The Mets have scored 10 runs in their last seven home games, and — surprise — they’ve lost all seven of those games. They also lost two of three to the Brewers on the road somewhere in the middle, putting the Mets at 1-9 over their last 10 games. Also with a 66-81 record, the Mets are guaranteed their fourth consecutive losing season with one more loss. We can go on — have you seen David Wright’s second half numbers? — but enough is enough at some point.
Anyway, the one remaining good thing in this season is that the Mets resemble a competitive baseball when R.A. Dickey pitches. Or, at least, they should. Here’s the lineup the Mets ran out last night against Cliff Lee:
SS — Ruben Tejada
2B — Daniel Murphy
3B — David Wright
RF — Scott Hairston
1B — Lucas Duda
LF — Jason Bay
CF — Andres Torres
C — Mike Nickeas
P — R.A. Dickey
Terry Collins’ lineup starts out well enough. Ruben Tejada is the Mets’ best shortstop, Daniel Murphy their best second baseman, Wright their best third baseman, Hairston their best outfielder against left-handed pitching . . . and then things get weird. I generally like Terry Collins, but the idea of him setting lineups for important October baseball games make me quiver in my boots. This is, if I were wearing boots that were a little loose.
Let’s start here: Lucas Duda played first base, while Ike Davis sat. If you ignore defense, you can sort of see why Terry Collins might have done this. Duda has a career .672 OPS against lefties, while Davis has a .633 OPS. Duda was 4-for-12 against Lee with a home run, Davis was 1-for-11 — after the game, Collins said he set his lineup based on career matchup numbers against Lee. Neither’s a great hitter against a tough lefty like Cliff Lee, but all the numbers, no matter how reliable, point towards Duda as the better option of the two platoon-split sluggers.
Only you can’t ignore defense. And while Duda looked surprisingly sure-handed at first, Davis is a superior defender at first base. This may or may not make up the 40-point game in OPS, but it certainly narrows it. But it’s not like Duda can only play first — he’s a not-unbearably terrible left fielder. If the goal is to win the game and the Mets lack good right-handed options, I think Davis is the better option at first base and Duda should be out in left field. Only left field was occupied last night by . . .
Jason Bay, who owns a .492 OPS against left-handed pitchers this season (not the thing Collins was looking at) and a 4-14 career mark against Lee (probably the thing Collins was looking at), with a home run against Lee earlier this season. Do Bay’s decent-ish numbers over Lee make up for his terrible numbers against left-handed pitching this season, and for his dramatic decline in general?* He’s also a better defender than Duda, but the gap may be similar to that between Duda and Davis at first.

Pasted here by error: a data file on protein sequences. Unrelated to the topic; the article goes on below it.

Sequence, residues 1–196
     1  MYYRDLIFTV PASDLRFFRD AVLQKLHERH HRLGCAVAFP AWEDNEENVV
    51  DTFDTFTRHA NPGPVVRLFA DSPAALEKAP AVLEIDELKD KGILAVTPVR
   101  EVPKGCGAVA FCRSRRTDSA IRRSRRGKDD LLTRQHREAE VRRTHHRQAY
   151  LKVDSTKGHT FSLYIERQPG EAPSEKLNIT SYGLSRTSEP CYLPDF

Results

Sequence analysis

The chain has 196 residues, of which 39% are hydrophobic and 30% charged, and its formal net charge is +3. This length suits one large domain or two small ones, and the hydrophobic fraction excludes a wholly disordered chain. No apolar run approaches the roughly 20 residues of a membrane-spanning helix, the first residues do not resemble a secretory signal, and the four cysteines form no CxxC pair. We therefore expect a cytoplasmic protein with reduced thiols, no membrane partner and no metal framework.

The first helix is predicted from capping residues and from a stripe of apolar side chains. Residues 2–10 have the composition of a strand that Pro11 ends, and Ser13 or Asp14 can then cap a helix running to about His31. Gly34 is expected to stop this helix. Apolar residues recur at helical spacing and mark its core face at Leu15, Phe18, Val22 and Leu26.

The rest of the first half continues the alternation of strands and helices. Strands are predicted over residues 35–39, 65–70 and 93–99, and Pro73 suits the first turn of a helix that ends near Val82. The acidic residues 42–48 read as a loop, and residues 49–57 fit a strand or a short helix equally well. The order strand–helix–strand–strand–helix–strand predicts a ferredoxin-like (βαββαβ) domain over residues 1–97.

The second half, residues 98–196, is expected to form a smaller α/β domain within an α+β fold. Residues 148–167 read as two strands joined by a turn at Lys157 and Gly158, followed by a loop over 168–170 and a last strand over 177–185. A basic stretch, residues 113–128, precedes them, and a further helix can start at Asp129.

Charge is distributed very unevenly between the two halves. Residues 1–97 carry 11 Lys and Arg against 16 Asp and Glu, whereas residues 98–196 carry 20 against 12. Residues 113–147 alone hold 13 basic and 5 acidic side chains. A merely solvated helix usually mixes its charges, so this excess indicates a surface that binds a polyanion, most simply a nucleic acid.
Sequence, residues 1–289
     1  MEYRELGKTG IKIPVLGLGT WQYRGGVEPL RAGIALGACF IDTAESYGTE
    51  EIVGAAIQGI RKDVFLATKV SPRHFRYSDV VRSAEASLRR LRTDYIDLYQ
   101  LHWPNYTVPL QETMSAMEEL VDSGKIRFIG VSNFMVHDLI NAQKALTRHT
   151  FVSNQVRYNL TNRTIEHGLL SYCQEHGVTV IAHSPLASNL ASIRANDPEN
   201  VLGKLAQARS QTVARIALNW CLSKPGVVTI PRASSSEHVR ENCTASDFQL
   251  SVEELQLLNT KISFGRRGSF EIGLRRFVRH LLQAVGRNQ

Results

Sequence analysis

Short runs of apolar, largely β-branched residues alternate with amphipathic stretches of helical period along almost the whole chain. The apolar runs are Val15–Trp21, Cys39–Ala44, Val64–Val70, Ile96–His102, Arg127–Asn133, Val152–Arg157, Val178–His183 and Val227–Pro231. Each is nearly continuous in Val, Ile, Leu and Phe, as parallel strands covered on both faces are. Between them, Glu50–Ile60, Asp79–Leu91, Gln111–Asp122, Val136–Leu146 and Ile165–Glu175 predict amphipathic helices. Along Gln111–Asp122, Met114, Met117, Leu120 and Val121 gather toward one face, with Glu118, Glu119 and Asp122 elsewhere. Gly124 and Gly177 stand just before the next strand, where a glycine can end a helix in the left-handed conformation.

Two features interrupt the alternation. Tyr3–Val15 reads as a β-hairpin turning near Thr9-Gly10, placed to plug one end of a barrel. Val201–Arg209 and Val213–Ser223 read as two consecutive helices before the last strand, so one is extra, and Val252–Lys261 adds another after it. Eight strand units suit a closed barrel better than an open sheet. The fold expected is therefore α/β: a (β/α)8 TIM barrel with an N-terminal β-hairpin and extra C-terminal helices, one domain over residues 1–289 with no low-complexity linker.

So the question for Terry Collins wasn’t Duda vs. Davis, it was really Davis-and-Duda vs. Duda-and-Bay, and which pair gave the Mets the best chance to win Monday with R.A. Dickey on the mound. I’m not sure Duda-and-Bay was the right answer. Though Bay did make a nice catch on a ball in left that Duda probably doesn’t catch. So what do I know.
This brings us to Torres, who is probably the best option in center against a left-handed pitcher. Torres has an .807 OPS against lefties this season and a .754 mark for his career. He’s the best defensive option, etc. Torres should play against left-handed pitchers the rest of the way. Cool? Cool.
And then we get to the catcher’s spot. Mike Nickeas has a .490 career OPS and a .511 OPS against lefties. Kelly Shoppach has a .739 career OPS and a .878 OPS against lefties. Nickeas started against Lee. I don’t see this one, so let’s try to think like Terry Collins: Nickeas was 0-for-3 against Lee . . . Shoppach was 0-for-9 . . . Jimmy Leyland. Nope, that didn’t work either. Nickeas would have to be not just a little bit better defensively, but WAY WAY better defensively for this to make sense. As in, Nickeas would have to be a seven-foot-tall robot knuckleball-grabbing vacuum cleaner to justify playing him over the better-hitting Shoppach. At least in a game the Mets are trying to win for Dickey.
Anyway, Bay and Nickeas went 1-for-5 combined — Nickeas did score the Mets only run and dropped down a surprise bunt single — while Shoppach and Davis went 1-for-2 as pinch-hitters. The Mets scored one run against Lee and Jonathan Papelbon and lost 3-1.
These are all minor points. But when the Mets are losing just about every game, that’s really all we have left: Minor points like rooting for R.A. Dickey to get more wins, a stat I don’t put much value in, so that maybe he’ll have a better shot at an award. But it’d be nice if Terry Collins ran out the Mets’ best lineups on the days R.A. Dickey is pitching. At the very least so the Mets could win a game now and then.
One response to “Today in nitpicking”
Has Shoppach caugh Dickey at all? I’ve skimmed the game logs and it appears that Shoppach has not caught a single inning for RA. AFAICT, the two games he has played that RA started, he pinch hit after RA was out of the game. Maybe he just can’t catch a knuckler? This would explain the Nickeas start.
Jason Bay though? It’s kinda mind boggling that they keep running him out there.